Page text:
Watch now, play later

With every Saturday bringing new game action to focus on, redshirting players tend to be forgotten by the fans. But athletes like Eric Gray represent Bama's future. <br><br>"I've gotten used to it," Gray said. "I know the process and what redshirting is going to do for me in the long run."

Just a true freshman, Eric Gray has already earned a reputation as one of Bama's most physically talented young athletes. "I just work every day like I'm going to be playing on Saturday," he explained. "Even though I know I'm not, I work hard."

Considered to be the top cornerback prospect in the state last year, Gray committed to the Tide and stuck with them through the various coaching changes. Like most good prep athletes, he was used on offense, gaining 1,965 yards rushing and scoring 21 touchdowns for his West Morgan team.

Much like current starter Charlie Peprah, Gray has the height and size to play safety with the speed and flexibility to handle cornerback.

One of the top recruits in the state, getting used to sitting on the bench during games has not been easy. "The last time I sat on the bench was a long time ago," Gray said with a laugh. "It's been an adjustment. I'm thinking, ‘Man! I want to be out there.' I want to be out there badly. It's tough. You've got to mature the mind."

Gray reminds himself that this year's frustrations will pay off in 2004.

He explained, "You've got to know that you're working to be out on the field like they are now. It's part of the process, to redshirt, to get better and to be on the field next year. I'll work this year to play next year. You've got to look at the big picture."

During games all he can do is cheer and exhort the crowd, but at practice he performs a valuable service on the scout team. The harder he makes his varsity teammates work, the better prepared they'll be on Saturday.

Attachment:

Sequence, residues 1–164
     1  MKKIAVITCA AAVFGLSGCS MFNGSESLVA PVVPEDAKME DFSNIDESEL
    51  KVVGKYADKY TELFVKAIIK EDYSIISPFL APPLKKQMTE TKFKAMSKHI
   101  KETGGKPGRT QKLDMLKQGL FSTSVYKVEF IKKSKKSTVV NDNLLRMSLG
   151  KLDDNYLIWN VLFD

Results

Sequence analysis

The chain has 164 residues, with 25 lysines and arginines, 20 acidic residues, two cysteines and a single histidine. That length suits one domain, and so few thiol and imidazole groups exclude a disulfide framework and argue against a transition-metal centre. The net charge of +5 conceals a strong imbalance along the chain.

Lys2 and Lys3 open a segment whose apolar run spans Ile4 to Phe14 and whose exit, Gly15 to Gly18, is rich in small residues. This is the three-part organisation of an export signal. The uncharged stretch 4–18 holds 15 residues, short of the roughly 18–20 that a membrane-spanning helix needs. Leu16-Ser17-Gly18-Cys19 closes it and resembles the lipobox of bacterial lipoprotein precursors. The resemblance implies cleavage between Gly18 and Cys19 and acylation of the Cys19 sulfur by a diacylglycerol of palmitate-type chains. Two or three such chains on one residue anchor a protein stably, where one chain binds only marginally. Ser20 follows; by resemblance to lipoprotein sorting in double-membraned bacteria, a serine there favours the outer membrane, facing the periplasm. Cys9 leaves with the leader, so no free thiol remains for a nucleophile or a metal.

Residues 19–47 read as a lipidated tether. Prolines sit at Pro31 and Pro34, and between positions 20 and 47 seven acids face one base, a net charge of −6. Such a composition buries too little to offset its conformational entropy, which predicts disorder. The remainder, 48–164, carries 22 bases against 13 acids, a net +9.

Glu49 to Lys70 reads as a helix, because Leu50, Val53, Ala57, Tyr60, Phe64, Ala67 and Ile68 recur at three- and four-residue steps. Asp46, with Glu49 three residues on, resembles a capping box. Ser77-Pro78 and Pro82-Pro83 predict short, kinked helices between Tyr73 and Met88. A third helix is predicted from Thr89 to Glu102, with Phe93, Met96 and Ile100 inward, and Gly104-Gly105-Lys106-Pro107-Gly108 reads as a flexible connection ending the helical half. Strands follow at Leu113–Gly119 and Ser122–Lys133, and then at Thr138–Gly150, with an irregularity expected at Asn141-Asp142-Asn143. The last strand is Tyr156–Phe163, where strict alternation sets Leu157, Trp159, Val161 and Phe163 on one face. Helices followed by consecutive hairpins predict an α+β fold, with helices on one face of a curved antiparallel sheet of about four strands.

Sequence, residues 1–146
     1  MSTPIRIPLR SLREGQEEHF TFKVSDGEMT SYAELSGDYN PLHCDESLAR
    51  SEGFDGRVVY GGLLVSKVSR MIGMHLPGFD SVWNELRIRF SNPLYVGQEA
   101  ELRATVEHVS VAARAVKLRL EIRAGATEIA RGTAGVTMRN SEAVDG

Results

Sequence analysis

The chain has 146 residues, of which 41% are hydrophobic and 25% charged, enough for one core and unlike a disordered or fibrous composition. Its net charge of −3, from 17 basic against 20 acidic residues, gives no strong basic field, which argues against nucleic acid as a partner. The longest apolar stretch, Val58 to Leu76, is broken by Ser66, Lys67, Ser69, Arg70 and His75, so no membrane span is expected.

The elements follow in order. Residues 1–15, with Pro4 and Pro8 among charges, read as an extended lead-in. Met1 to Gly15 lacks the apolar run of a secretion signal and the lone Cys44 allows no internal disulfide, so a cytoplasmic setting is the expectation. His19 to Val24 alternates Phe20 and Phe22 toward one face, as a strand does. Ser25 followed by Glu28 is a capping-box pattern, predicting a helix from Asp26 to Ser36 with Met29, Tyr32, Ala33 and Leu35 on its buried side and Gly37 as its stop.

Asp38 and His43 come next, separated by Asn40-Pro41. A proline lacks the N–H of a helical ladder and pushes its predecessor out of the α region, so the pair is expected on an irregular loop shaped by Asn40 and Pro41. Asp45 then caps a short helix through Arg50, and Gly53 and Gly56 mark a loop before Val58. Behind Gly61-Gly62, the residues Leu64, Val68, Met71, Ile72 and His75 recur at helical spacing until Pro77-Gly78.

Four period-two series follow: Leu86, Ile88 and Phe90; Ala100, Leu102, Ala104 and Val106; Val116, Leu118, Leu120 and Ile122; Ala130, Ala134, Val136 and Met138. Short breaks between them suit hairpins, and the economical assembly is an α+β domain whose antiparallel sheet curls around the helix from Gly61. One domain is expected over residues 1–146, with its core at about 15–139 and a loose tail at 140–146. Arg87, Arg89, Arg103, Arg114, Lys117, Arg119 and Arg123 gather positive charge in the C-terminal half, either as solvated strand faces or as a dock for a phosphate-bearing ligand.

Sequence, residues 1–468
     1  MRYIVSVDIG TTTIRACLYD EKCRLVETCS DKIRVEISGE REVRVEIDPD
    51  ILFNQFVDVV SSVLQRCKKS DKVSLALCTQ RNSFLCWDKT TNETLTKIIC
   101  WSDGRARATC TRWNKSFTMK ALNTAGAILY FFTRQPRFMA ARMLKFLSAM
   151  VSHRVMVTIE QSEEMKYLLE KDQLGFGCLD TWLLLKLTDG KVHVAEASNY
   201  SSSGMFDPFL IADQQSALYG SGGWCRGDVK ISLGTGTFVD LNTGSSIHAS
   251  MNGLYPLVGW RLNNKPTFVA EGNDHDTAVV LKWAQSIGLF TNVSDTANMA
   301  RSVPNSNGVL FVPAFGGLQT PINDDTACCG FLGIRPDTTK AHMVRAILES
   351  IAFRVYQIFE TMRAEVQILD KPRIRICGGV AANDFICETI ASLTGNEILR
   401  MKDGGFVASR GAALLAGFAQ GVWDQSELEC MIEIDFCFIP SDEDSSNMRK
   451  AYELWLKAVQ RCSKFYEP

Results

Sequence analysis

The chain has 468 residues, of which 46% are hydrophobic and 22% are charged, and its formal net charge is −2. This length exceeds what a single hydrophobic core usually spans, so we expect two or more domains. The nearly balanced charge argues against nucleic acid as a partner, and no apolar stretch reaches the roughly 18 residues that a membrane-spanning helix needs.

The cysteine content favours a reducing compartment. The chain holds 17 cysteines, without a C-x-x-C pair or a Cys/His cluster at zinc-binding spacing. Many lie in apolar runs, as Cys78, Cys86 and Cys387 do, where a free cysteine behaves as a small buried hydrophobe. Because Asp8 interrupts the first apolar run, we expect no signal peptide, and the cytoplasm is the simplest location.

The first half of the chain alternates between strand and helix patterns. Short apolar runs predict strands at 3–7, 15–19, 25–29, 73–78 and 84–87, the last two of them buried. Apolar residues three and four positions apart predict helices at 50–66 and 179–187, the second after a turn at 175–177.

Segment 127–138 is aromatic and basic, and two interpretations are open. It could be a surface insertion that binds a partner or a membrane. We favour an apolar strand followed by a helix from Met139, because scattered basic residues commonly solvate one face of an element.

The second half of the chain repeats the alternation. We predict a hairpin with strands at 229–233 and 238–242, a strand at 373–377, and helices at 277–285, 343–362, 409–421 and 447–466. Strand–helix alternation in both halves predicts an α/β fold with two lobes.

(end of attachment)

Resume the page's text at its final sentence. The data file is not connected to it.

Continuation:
"I'm trying to help the team," Gray said. "I've got to do my part going full speed at practice. That will help me as well as the team."

With coaches always concentrating first on next week's game, designated redshirts like Gray can sometimes be ignored. He understands, but he also takes it as a personal challenge.

"I don't look at it as a time for me to ease off or thinking nobody is watching me," Gray said. "Even if nobody was watching me, I'm grading myself every day. I'm working toward the future."

Several true freshmen have played this season, including Le'Ron McClain, Tyrone Prothro, Dominic Lee and Tim Castille. Gray could easily have joined them. Special Teams Coordinator Dave Ungerer definitely wanted Gray for the Bama kicking game and argued to get him.

"He wanted me to play on special teams real bad," Gray said. "The coaches were willing to go ahead and let me play, but they talked with me about it. We decided that I didn't want to just play."

For now, Gray must be content to watch the games from the sideline.

Gray had the talent to contribute this year, but Alabama was deep at cornerback. So the decision was made not to play him on special teams alone. Gray explained, "They wanted me to be used on defense as well, but considering how deep we are at cornerback...

"When it came down to it, I think they made the best decision for me and for the team."

Starting free safety Charles Jones will graduate this year. And key reserves David Scott and Roberto McBride will also complete their eligibility, opening the door for Gray in '04.

"Next year it's going to be up to me," Gray said. "We've got a couple of guys graduating. So it'll be a chance for me to walk in. I've talked this whole season about getting myself ready. I want to play next year. I'll have the opportunity and talent to do it, but I've got to keep on working."

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